This year marks the 100th anniversary of the publication of Sinclair Lewis’s novel Main Street, the breakthrough work of an author who would become, a decade later, the first American awarded the Nobel Prize in Literature.
Harry Sinclair Lewis was born in 1885 in Sauk Centre, Minnesota, which he later described as “a prairie village in that most Scandinavian part of America, Minnesota,” the son of “a country doctor.” After a childhood and adolescence of voracious reading, he attended Oberlin College for one year and from there went on, at his father’s insistence, to Yale University, earning money along the way by doing newspaper work and even, one summer, travelling to England and back as a hired hand aboard a cattle ship. And always he was writing.
In all, Lewis published 24 novels, including six books of varying seriousness prior to Main Street. The latter, his first important work, was an enormous success, selling 180,000 copies in its first six months and within a few years, an estimated 2 million.
In the following decade and a half, Lewis produced what readers and critics generally consider his most important books, namely Babbitt (1922), Arrowsmith (1925), Elmer Gantry (1927), Dodsworth (1929) and It Can’t Happen Here (1935).
Although Lewis, who died in 1951, has long since fallen from the syllabi of high school and college American literature courses, his major works merit reading a century or so later not only for their engaging storytelling and the vivid chronicle they offer of American middle class life in the first half of the twentieth century in particular, but also for their withering satirical attack on the hypocrisies, and worse, of that American life.
Main Street tells the story of Carol Kennicott. When we meet her, in the first decade of the last century, she is still Carol Milford, a highly sensitive but moderately talented co-ed at the fictional Blodgett College on the outskirts of Minneapolis.
Carol yearns “to conquer the world—almost entirely for the world’s own good”—but cannot determine how to accomplish this feat. With a humor that is characteristically frank yet sympathetic, Lewis tells us that at “various times during Senior year Carol finally decided upon studying law, writing motion-picture scenarios, professional nursing, and marrying an unidentified hero.” Such vacillation on Carol’s part seems at first the result of youthful wistfulness, but the beauty of her character is that, as Lewis warns us early on, “Whatever she might become, she would never be static.”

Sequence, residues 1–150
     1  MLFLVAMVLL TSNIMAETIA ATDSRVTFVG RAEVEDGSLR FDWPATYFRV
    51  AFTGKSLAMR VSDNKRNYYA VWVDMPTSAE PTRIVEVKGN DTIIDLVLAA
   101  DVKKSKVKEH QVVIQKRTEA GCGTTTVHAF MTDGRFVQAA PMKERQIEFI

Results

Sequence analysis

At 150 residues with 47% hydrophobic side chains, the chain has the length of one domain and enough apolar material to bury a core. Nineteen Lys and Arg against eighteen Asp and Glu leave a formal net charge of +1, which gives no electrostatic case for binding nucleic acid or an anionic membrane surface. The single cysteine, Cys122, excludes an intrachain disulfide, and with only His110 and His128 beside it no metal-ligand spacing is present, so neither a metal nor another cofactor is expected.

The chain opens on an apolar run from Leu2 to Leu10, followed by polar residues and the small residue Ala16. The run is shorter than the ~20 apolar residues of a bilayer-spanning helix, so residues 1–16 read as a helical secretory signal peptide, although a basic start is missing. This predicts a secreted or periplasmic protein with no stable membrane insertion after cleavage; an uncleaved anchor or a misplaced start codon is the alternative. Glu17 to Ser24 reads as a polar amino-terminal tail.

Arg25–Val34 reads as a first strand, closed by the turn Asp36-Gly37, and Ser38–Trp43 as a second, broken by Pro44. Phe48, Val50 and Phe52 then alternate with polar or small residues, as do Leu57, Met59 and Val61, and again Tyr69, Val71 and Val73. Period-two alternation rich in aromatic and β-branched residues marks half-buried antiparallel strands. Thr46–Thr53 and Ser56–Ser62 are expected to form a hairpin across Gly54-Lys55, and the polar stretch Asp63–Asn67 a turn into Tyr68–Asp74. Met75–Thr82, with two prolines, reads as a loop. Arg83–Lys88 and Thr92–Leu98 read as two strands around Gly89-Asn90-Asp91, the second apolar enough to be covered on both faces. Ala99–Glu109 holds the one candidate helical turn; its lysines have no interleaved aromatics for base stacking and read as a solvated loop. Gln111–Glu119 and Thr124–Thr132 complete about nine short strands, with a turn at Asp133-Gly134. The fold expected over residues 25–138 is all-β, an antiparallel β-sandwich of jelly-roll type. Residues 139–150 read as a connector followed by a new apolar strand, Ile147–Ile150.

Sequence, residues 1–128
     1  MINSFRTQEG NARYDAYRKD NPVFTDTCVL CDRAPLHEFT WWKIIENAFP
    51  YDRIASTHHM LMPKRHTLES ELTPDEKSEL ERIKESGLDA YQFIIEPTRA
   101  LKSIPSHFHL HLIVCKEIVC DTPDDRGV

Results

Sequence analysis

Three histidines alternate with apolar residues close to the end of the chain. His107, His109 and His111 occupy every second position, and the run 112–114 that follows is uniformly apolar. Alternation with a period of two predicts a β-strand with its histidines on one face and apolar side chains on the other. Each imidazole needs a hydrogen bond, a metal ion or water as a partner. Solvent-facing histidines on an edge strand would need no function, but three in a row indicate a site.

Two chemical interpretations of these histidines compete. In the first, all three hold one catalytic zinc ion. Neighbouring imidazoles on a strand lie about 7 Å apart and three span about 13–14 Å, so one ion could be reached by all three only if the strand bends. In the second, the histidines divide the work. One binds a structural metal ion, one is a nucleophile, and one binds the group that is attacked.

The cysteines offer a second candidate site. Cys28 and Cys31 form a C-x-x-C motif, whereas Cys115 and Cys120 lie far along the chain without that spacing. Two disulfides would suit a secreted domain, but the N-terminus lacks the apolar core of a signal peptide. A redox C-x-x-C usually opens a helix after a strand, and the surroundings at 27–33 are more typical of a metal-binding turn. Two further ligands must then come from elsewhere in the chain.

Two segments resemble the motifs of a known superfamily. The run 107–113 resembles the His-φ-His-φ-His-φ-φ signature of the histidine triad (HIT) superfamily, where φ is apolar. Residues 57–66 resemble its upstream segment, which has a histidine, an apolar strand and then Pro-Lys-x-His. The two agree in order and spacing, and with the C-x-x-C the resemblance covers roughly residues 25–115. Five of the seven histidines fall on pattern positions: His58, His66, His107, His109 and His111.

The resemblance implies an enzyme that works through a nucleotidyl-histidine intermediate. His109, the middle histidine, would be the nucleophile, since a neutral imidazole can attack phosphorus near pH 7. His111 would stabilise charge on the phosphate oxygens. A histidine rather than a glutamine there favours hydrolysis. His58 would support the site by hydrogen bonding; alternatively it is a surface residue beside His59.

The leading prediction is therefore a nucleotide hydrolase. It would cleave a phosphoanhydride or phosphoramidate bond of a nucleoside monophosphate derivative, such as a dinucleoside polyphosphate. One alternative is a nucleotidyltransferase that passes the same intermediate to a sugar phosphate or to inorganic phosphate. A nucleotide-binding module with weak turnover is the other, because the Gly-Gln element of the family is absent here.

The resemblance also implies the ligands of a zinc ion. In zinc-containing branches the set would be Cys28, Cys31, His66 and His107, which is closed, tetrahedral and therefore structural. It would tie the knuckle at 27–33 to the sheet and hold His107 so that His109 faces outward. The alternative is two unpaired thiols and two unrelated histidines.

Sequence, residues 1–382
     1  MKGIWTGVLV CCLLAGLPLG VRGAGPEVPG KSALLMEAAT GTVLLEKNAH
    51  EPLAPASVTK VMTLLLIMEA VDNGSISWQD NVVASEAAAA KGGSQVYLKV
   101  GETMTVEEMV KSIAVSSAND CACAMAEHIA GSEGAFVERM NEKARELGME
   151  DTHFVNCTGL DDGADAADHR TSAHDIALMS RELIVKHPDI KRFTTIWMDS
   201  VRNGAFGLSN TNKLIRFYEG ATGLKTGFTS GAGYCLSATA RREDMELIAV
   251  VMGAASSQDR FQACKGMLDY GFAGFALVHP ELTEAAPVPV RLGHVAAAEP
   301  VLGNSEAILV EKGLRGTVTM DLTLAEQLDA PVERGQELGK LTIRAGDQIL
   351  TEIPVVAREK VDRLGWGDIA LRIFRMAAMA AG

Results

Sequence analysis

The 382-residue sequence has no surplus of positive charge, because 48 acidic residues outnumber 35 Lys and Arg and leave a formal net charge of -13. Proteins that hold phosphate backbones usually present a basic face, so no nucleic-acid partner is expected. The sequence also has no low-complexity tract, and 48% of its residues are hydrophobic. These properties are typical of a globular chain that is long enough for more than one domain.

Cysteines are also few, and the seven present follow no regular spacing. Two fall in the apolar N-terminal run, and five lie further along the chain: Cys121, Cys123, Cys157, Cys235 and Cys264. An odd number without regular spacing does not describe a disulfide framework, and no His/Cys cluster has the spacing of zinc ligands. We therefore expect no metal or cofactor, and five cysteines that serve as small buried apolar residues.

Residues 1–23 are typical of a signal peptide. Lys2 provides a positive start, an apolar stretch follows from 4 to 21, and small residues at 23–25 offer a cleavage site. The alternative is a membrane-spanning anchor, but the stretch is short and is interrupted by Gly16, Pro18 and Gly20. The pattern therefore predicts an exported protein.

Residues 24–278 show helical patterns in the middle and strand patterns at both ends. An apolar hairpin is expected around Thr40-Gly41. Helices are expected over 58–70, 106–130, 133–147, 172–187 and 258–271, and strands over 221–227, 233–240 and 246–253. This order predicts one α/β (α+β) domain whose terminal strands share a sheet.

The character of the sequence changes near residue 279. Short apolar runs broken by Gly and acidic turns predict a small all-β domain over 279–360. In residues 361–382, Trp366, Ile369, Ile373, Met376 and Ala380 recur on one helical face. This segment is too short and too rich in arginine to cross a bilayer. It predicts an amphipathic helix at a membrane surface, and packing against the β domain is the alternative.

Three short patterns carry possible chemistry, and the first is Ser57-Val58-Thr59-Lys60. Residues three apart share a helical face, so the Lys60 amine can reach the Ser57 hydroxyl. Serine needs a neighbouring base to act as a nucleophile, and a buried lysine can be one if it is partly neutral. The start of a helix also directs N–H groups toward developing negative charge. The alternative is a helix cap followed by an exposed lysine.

After a few dull years working as a librarian in St. Paul, Carol meets and marries the “solid” Dr. Will Kennicott of Gopher Prairie, feeling for him an affection short of love that will evolve through moods and complications to form as clear-eyed a portrayal of a marriage as is to be found in American literature. (In the marriage to a doctor and the banality of small-town life, there are obvious hints of Gustave Flaubert’s Madame Bovary, 1856.)
Kennicott’s Gopher Prairie is a market town loosely based on Lewis’s hometown of Sauk Centre, but generic of Midwest prairie towns of the time in its ad hoc ugliness and devotion to money-making. Kennicott persuades the relatively, and self-consciously, urbane Carol to travel back with him and make Gopher Prairie “artistic,” pleading with her, “Make us change!”
The prospect of beautifying “one of these prairie towns” ignites in her a passionate enthusiasm, and the novel follows Carol’s various schemes for accomplishing this mission, from attempting to build a beautiful town hall to wishing to produce edifying plays by George Bernard Shaw. Time and again her efforts bump up against the complacence and venality of her neighbors, and Carol contemplates what it is that makes “the more intelligent young people (and the fortunate widows!) flee to the cities with agility” and not come back in passages such as this:
“It is an unimaginatively standardized background, a sluggishness of speech and manners, a rigid ruling of the spirit by the desire to appear respectable. It is contentment…the contentment of the quiet dead, who are scornful of the living for their restless walking.”
It is to Carol’s credit as a character, and Lewis’s as a novelist, that her understanding of Gopher Prairie and her relationship to it are not summed up in such passages. At times she is filled with compassion for the town’s inhabitants and at others becomes swept up by the beauty of the countryside and is convinced that she loves Gopher Prairie. Such moments of peace, though, Lewis likens to “the contentment of the lost hunter stopping to rest.”
Throughout Main Street, Lewis sees to it that Carol’s consciousness develops, growing more complex as she continuously examines town life, her marriage and herself. Further, her restless spirit—her dedication to beauty, to frankness, to justice for the farmers who are exploited by the town’s businesses, to her own fulfillment as a human being—never flags, making her one of the most compelling female characters in American literature. As she says of herself near the end of the novel, “I’ve never excused my failures by sneering at my aspirations, by pretending to have gone beyond them.”